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British Construction Industry Awards: Prize Projects

Last night the cream of Britain’s construction industry gathered at the Grosvenor House Hotel to celebrate successes and learn from others through the British Construction Industry Awards.

It is certainly early days, but we are at last seeing some very positive signs that the UK is starting to rekindle growth in the economy. And as we continue the slow but steady battle out of recession, the value of continued investment in infrastructure cannot be underestimated.

Once again the British Construction Industry Awards have demonstrated that quality design and construction remain central to public and private sector infrastructure clients’ ambitions. As they strive to deliver better services to customers while reducing the cost of operating and maintaining assets, it is very clear that investment up front to improve the design and construction process pays massive dividend in the long run.

This year the awards attracted another fantastic range of entries, showing that year in year out the industry genuinely delivers better, more innovative, products and does so through greater collaboration and team working.

With 139 high quality entries this year the challenge was first to shortlist down to 40 UK projects and five international schemes to visit and review before selecting the winners.

The role that the public sector now plays in driving and inspiring construction quality was demonstrated by the 29 schemes on the shortlist for the government-backed Prime Minister’s Better Public Building Award. The public sector is truly leading the way in terms of value for money, design quality and overall project success.

This year greater prominence was given to two award categories, reflecting their vital and growing importance to the industry. The Health and Safety award, supported by the Health & Safety Executive; and the Sustainability Award backed by the government’s Green Construction Board. Both underline areas in which the industry simply cannot afford to cut corners.

In addition to the project-related categories, another 22 projects were shortlisted for the special category awards which recognise excellence in product design and in the implementation of building information modelling technologies.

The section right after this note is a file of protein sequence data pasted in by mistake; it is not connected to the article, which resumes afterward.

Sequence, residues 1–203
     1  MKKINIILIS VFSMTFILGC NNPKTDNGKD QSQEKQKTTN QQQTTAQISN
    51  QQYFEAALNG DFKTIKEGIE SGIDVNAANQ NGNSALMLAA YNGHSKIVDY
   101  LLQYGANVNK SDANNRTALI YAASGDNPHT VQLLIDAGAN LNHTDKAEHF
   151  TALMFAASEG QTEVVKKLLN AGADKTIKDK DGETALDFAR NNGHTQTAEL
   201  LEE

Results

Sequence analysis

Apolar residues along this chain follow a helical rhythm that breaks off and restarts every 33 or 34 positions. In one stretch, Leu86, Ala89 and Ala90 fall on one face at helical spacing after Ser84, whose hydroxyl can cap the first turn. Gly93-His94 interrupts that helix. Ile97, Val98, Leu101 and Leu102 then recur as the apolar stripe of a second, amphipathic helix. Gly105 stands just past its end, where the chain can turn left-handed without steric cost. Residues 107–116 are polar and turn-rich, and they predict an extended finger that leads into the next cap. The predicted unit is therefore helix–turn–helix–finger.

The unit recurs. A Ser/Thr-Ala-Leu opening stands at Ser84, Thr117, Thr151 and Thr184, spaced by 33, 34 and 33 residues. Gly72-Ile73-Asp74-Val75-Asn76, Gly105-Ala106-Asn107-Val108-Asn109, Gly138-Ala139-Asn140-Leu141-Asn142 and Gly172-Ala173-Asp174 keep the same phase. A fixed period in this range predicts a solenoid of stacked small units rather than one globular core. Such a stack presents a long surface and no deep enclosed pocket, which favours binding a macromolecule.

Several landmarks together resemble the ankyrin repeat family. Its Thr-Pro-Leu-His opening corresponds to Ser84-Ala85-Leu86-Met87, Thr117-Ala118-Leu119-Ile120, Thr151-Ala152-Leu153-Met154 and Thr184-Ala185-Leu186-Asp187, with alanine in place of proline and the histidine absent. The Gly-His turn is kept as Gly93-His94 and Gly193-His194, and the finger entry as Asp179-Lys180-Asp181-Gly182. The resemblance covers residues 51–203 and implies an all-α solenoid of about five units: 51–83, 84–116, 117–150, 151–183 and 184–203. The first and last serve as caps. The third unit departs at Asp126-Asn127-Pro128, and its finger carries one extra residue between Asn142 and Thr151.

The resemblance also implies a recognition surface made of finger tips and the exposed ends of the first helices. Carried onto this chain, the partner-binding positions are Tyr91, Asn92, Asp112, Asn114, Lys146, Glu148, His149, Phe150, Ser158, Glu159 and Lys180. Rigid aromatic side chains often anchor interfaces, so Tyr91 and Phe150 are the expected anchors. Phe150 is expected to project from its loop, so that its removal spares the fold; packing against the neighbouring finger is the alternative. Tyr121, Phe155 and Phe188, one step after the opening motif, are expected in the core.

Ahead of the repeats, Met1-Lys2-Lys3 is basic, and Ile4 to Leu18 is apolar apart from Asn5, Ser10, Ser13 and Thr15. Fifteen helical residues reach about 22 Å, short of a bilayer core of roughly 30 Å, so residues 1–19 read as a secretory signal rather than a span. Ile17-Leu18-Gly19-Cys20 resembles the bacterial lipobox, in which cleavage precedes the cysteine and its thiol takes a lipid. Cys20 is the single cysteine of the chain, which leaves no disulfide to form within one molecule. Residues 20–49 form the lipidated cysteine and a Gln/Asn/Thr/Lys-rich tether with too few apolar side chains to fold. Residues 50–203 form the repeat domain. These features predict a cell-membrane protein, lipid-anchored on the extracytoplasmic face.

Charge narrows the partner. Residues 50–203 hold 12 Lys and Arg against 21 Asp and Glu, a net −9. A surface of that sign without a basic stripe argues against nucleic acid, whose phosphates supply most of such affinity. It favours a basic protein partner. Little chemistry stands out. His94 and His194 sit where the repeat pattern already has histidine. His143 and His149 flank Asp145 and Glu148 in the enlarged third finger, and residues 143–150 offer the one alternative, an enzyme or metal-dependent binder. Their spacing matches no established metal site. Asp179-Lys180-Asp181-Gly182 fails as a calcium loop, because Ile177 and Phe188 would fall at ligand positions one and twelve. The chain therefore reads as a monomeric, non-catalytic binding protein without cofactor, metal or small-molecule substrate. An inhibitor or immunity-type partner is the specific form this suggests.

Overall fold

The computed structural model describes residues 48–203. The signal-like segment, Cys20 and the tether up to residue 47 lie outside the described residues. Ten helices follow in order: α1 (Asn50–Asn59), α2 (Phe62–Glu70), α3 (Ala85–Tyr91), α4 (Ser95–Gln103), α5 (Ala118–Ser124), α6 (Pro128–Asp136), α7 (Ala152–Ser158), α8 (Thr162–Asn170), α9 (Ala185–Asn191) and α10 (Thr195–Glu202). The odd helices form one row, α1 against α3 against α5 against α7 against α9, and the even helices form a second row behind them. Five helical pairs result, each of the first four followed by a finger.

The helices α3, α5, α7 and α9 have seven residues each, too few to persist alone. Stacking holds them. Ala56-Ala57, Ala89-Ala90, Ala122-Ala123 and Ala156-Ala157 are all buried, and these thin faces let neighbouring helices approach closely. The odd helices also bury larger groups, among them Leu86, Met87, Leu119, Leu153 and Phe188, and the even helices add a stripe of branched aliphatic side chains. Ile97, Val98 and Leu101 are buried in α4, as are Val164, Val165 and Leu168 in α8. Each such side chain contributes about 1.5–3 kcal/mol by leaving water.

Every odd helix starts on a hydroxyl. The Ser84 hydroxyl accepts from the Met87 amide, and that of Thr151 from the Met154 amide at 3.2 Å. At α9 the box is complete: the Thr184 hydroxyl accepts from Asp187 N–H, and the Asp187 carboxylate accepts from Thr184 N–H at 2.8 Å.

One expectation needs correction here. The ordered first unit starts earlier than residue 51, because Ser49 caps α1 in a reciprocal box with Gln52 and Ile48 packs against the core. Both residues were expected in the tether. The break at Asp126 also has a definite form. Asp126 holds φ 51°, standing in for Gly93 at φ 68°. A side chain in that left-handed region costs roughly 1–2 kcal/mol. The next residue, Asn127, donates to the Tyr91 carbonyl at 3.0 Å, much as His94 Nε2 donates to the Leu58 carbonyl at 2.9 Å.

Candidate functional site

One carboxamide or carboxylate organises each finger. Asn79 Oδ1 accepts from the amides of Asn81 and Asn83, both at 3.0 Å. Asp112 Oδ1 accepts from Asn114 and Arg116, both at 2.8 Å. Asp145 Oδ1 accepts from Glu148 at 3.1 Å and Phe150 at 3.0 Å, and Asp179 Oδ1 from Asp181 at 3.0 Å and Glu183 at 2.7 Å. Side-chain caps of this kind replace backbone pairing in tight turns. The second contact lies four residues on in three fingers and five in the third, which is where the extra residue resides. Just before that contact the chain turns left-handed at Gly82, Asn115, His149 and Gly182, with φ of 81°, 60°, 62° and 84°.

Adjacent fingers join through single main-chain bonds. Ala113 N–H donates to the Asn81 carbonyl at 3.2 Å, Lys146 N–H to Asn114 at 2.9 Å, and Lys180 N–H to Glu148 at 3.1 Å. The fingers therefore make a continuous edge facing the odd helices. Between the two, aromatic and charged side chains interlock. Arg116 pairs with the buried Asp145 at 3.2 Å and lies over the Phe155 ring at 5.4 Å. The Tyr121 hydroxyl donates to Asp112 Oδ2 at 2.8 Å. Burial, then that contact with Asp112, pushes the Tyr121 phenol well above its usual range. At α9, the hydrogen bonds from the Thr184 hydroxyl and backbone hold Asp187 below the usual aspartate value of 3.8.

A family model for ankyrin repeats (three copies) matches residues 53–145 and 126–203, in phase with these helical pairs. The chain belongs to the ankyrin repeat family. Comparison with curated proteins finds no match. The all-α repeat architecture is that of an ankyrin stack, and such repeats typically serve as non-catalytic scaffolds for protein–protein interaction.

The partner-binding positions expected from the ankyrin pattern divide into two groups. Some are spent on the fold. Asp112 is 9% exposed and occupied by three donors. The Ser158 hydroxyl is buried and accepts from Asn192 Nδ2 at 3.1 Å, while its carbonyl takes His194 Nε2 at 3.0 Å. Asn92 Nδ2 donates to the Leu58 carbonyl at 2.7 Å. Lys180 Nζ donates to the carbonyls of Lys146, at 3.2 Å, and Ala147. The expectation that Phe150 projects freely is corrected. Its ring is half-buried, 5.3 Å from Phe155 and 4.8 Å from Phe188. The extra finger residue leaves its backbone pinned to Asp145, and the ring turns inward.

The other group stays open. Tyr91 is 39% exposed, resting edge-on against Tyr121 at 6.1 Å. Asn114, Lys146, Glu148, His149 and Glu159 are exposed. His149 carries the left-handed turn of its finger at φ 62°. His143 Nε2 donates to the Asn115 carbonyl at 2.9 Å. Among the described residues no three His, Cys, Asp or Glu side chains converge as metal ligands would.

Picking out winners was difficult, but this year’s civil engineering category winners were all outstanding projects which showcase how best practice engineering can overcome many a complex challenge.

The Major Civil Engineering Project of the Year went to Southern Water’s Cleaner Seas for Sussex project, delivered by the 4Delivery construction joint venture and supported by MWH. It is notable for the way a hostile public has been won round, both through considerate construction and innovative design, including the largest green roof of its kind in the UK.

The Civil Engineering Project of the Year went to Transport for London’s hugely complex Hammersmith Flyover strengthening job.

“British engineering at is best,” is how the judges’ described Amey’s work to deliver £15M of strengthening works in a tight 23 week design and construction programme.

And Gem Bridge, winner of the Civil Engineering Project of the Year, for schemes up to £3M, illustrated the best that collaborative working can bring, with Devon County Council and Dawnus Construction, “working together to find the best and safest construction techniques”.




Best Practice award WINNER: THameslink -Borough viaduct

Borough Viaduct

With so much best practice on show this year, picking a winner for the Best Practice Award category was always going to be tough.

In the end, Network Rail beat off projects for the Environment Agency, Highways Agency and Transport for London with Its Thameslink - Borough Viaduct scheme.

Designed by Atkins with architect Jestico & Whiles and principal contractor Skanska UK, the 350m twin-track viaduct spanning Borough Market, Borough High Street and the approaches to London Bridge Station required extensive demolition and reinstatement of properties and a historic, listed cast iron roof.

Intensive liaison with local businesses kept Borough Market operational throughout.

The area is rich in cultural heritage, archaeology and listed buildings and has a complex interface with the Borough Market, its traders, local residents, businesses and Southwark Cathedral. The viaduct is adjacent to a busy operational railway. Workforce engagement and the need to minimise the impact of the project on the community has been the key to its successful and safe delivery. The project has been run in a collaborative manner, including collaborative planning sessions where all stakeholders are involved in the detailed planning and a joint recognition scheme.

Best practice award “The co-operation within the whole team was outstanding and working with the community at every stage of facilitated the construction. A win-win for all concerned and an fine exemplar of best practice,” said the judges.

Also shortlisted were the Environment Agency’s Banbury Flood Alleviation Scheme, Transport for London’s Hammersmith Flyover Strengthening Phase 1, the Highways Agency’s M1 J10-13 Improvement.


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